Unlike previously published cases, the merit of this case report lies in the fact that it reports a patient with symptomatic swelling of the unilateral leg which resulted from SEL. Although not rare, SEL is usually underestimated because it is usually regarded as a benign radiologic finding. Despite that it is believed to be mainly associated with obesity and endocrinopathies, exogenous steroid injection is an important risk factor of SEL as seen in the present case9. Identifying the possible cause of SEL of the present case is beyond the scope of this report. However, it is important for clinicians to recognize that patients with SEL, which is usually asymptomatic, can present with symptoms resulting from nerve or spinal cord compression.
The treatment guidelines of neurogenic muscle hypertrophy have not yet been established. Treatment can either be surgical or conservative. Oral corticosteroids with prednisone or prednisolone at a dose of 15-45 mg per day has been reported for its effectiveness in cases of unilateral calf hypertrophy induced by radiculopathy with combined focal myositis3. Early detection is critical in deciding the proper treatment option and necessary for preventing deleterious effects of progressive muscle pseudohypertrophy.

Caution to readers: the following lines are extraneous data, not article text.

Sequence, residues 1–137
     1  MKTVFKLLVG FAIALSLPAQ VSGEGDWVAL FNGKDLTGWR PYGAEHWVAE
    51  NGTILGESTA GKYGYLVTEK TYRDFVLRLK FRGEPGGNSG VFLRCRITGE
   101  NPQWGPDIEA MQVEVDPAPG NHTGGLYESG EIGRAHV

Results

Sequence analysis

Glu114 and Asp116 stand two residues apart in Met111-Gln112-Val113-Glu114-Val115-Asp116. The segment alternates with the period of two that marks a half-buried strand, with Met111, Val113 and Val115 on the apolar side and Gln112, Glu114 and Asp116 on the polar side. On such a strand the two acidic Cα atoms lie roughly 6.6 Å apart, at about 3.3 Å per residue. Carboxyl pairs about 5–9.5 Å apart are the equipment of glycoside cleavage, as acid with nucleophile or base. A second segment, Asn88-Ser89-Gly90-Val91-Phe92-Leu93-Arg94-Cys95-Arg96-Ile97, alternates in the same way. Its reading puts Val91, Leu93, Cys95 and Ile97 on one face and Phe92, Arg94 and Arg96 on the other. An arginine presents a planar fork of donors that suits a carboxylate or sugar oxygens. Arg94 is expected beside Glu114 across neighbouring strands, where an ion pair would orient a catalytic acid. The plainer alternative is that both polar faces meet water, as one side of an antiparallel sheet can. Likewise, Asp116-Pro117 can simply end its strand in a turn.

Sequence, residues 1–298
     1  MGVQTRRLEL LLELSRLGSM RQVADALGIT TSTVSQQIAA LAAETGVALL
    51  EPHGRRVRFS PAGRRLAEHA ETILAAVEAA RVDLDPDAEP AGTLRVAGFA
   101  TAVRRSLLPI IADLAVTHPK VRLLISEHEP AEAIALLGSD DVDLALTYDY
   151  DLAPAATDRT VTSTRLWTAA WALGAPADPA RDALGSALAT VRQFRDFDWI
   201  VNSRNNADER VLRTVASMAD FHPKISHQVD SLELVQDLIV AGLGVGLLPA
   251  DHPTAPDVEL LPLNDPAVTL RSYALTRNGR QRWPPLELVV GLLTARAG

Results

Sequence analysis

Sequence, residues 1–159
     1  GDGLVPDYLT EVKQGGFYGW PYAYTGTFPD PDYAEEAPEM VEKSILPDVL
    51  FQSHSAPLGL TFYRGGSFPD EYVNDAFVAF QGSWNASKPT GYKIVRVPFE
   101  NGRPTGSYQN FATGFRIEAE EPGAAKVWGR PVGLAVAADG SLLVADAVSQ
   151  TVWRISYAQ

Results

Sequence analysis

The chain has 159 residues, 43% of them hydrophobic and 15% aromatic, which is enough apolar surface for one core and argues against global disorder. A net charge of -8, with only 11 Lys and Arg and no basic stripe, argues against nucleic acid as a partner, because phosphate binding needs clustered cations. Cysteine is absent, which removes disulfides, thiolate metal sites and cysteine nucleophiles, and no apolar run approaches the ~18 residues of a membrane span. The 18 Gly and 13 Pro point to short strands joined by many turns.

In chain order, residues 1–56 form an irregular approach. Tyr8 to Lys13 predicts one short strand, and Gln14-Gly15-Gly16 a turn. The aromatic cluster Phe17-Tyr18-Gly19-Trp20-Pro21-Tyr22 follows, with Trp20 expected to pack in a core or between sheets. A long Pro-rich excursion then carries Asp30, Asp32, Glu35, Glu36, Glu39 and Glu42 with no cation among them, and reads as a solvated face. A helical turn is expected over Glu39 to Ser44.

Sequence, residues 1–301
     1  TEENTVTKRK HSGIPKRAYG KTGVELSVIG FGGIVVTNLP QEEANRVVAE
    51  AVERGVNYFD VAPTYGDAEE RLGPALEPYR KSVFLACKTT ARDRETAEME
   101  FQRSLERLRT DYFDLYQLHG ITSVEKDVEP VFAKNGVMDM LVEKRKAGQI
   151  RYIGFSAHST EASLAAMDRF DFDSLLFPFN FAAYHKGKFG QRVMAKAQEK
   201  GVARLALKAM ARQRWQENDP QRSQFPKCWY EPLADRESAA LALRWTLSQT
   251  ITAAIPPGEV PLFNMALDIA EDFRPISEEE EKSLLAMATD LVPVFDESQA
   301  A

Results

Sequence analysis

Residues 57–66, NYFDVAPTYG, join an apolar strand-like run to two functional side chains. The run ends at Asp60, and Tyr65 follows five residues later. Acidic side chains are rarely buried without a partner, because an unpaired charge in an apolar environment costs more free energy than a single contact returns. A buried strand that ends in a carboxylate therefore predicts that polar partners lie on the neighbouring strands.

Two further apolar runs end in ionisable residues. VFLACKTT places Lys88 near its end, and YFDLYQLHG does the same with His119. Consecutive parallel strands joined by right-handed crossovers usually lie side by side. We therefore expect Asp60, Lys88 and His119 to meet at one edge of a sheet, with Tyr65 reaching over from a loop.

In conclusion, this case addresses the clinicians to be alert for the possibility of neurogenic conditions when dealing with unilateral hypertrophy of muscles. Thorough history taking with the use of NCS/EMG has an important role in revealing the underlying pathology involving spinal nerve roots. Physicians must be aware of the variability in muscle response to denervation for prevention of unnecessary delays for proper diagnosis.